For the last month, the new normal for Nicole DeMayo’s workday is nothing she could have imagined.
DeMayo, a registered nurse at Hebrew Rehabilitation Center at NewBridge on the Charles, has been part of a COVID-19 unit since April that includes a doctor, certified nursing assistant and housekeepers. The Dedham facility is one of six locations that are part of Hebrew SeniorLife, where DeMayo has worked for 17 years.
“I arrive at work and am in full PPE before I enter the unit. Once we’re on the unit we can’t leave until the shift is over, in order to protect staff on other floors and non-COVID patients,” DeMayo said in an email. “Working in the PPE is difficult, it’s hard to breathe under the mask and gets very hot under the gown.”
As of April 30, Hebrew SeniorLife’s Dedham campus has had a total of 44 cases of COVID-19, of which 17 patients have died, according to its website. At its Boston location, there have been a total of 130 cases, of which 31 patients have died.
Hebrew SeniorLife’s other residences also have not been spared. As of April 30, the Jack Satter House in Revere had 23 confirmed cases of COVID-19 among residents, with 11 deaths due to the virus. The vast majority of cases occurred before April 3, shortly after the quarantine was put into effect, according to Margaret Bonilla, a spokeswoman for Hebrew SeniorLife. Since then, the rate of new infections has dramatically slowed.
As of April 29, Hebrew SeniorLife’s Orchard Cove in Canton had a total of 28 cases of COVID-19 among residents in all of its sections, with 4 deaths. At NewBridge on the Charles, 6 cases of COVID-19 have been confirmed among residents at its independent living community and assisted living quarters, with 3 deaths among those in assisted living. Center Communities of Brookline had 1 death and at the Simon Fireman community in Randolph, 3 residents have contracted the virus, and 1 has died.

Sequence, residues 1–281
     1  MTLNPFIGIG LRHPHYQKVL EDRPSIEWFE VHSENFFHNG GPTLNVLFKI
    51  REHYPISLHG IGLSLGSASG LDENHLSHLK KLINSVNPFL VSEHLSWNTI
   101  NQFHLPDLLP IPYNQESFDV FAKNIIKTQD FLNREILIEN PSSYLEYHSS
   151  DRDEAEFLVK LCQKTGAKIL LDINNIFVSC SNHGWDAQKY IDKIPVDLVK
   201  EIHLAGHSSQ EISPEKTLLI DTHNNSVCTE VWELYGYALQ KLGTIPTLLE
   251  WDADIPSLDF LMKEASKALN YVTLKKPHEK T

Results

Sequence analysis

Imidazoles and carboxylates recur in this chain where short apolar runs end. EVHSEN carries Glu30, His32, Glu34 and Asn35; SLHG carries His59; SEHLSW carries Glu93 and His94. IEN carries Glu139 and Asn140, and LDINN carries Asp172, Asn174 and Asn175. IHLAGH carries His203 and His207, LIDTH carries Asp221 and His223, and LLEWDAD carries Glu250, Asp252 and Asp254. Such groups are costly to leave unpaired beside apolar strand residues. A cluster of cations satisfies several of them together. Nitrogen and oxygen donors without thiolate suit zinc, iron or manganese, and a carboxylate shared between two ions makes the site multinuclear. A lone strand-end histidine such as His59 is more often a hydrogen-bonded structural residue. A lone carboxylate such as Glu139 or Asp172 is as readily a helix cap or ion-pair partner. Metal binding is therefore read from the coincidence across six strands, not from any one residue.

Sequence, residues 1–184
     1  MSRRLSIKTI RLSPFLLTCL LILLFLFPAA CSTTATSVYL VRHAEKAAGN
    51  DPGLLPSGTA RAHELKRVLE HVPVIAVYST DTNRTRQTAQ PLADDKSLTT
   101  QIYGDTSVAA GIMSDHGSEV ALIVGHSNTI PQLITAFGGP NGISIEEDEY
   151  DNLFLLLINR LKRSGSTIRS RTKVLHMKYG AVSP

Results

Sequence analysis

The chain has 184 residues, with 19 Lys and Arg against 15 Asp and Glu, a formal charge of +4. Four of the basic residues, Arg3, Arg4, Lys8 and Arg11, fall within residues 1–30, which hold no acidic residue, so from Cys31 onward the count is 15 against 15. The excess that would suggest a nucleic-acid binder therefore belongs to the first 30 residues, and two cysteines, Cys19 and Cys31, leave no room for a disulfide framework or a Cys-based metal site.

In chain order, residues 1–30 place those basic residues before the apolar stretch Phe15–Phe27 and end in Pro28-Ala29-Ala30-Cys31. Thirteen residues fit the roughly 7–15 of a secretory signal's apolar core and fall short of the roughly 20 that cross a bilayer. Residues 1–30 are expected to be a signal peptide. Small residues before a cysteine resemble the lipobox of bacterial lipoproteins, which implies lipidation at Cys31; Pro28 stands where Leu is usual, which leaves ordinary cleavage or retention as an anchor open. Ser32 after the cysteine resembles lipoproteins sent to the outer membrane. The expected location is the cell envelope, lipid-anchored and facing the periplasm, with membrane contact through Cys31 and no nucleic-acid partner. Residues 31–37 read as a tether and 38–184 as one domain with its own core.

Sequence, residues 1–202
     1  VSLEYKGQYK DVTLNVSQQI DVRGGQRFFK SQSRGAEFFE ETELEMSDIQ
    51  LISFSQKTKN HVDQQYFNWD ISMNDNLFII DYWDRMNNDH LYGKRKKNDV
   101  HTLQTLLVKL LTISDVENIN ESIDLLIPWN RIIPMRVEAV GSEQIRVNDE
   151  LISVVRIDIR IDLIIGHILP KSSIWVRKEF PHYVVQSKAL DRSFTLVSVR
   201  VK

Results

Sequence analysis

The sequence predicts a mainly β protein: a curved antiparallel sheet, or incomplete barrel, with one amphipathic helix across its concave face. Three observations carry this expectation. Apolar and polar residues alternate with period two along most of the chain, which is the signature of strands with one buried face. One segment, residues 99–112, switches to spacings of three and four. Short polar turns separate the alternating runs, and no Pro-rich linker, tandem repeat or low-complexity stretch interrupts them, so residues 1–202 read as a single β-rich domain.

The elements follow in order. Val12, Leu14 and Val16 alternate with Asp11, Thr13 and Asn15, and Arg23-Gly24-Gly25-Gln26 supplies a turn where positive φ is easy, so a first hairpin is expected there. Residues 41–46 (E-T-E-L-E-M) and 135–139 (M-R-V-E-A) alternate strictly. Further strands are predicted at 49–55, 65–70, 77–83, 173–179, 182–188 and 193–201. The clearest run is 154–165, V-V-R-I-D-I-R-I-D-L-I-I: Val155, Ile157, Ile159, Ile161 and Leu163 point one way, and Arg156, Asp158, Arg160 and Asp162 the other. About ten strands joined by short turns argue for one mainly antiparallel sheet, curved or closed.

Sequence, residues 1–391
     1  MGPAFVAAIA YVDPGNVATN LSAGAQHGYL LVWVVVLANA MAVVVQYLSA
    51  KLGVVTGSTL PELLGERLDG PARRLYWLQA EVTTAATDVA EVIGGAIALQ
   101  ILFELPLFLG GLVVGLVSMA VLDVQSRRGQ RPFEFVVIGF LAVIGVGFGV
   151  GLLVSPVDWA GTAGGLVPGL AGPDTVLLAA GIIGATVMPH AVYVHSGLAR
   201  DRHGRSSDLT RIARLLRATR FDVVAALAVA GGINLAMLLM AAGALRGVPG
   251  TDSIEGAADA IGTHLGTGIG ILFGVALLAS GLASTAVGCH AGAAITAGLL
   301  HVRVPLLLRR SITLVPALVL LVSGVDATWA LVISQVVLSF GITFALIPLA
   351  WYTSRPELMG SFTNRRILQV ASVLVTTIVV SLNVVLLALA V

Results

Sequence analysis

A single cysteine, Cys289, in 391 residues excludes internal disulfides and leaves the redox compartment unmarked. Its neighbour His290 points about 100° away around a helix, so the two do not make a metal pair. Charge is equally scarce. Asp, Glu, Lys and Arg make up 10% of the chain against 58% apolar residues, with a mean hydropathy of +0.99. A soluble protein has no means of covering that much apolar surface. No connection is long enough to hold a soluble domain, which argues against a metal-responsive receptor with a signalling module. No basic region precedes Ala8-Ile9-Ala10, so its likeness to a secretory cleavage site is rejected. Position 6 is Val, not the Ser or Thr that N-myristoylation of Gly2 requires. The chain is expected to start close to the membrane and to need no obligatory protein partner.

“I put on a brave face and stayed strong not only for my patients, but for their families, for my family, and for the other staff members on the unit,” said DeMayo, who was raised in Mansfield and earned her nursing degree from Laboure College. She called the work physically and emotionally draining. “You make bonds with not only the patients but also with the families.” She said the staff offers comfort by holding patients’ hands, FaceTiming with their families and singing.
DeMayo’s home life has also been upended. She is no longer living at her home, but is staying at a hotel near the Dedham campus. Beginning April 6, Hebrew SeniorLife began offering temporary accommodations free of charge to its direct care staff at its Boston and Dedham locations. About 50 employees are taking advantage of the no cost accommodations.
DeMayo made the move because she was fearful of jeopardizing the health of a family member who’s recovering from cancer. “I was concerned and wanted to keep him safe by keeping my distance,” DeMayo said. But it has come at a cost to the nurse: unable to see her family or friends, she feels isolated.
Access to housing is one safeguard that should be available to all direct care staff working with people with COVID-19, said David Schildmeier, director of communications for the Massachusetts Nurses Association. “These folks are going to work every day and risking their lives and their families. When you don’t provide the caregivers with the protection they need, they can spread the virus,” he said.
The pandemic has been devastating to those who depend on nursing homes, particularly in Massachusetts, according to Lou Woolf, president of Hebrew SeniorLife.
As of April 30, just over 12,000 residents and health care workers at long-term care facilities were infected with COVID-19. COVID-19 has claimed the lives of 2,101 people at these facilities. The deaths represent nearly 60 percent of all fatalities in the state, one of the highest rates in the country.
Hebrew SeniorLife was recently tapped by Secretary of Health and Human Services Marylou Sudders to be part of the state’s COVID-19 long-term care command center, and will share its expertise in best practices in infection control, PPE and testing.
At the Jack Satter House in Revere, Claire Sandler praised the facility’s staff and reflected on the quarantine. Before the quarantine, she enjoyed the food, the exercise room and all of the activities. Now, she’s impressed with the effort staff is taking. “They are doing an excellent job, working hard to keep us happy,” said Claire, who lives at the Satter House with her husband Larry.
Her morning now starts with a walk inside the building – which was forbidden last month when the building was under strict quarantine. In addition to delivering meals and other necessities, staff regularly treats residents to goody bags and outdoor sing-alongs as residents listen from their patios.
“I can’t say enough,” said Sandler, a former Swampscott resident, who also served as president of Temple Sinai. Her positive outlook helps against the backdrop of devastating COVID-19 illness and deaths at the Satter House. “It’s absolutely heartbreaking, no question.”
She supports the quarantine as the best measure to keep residents and staff healthy. “I feel safe,” she said.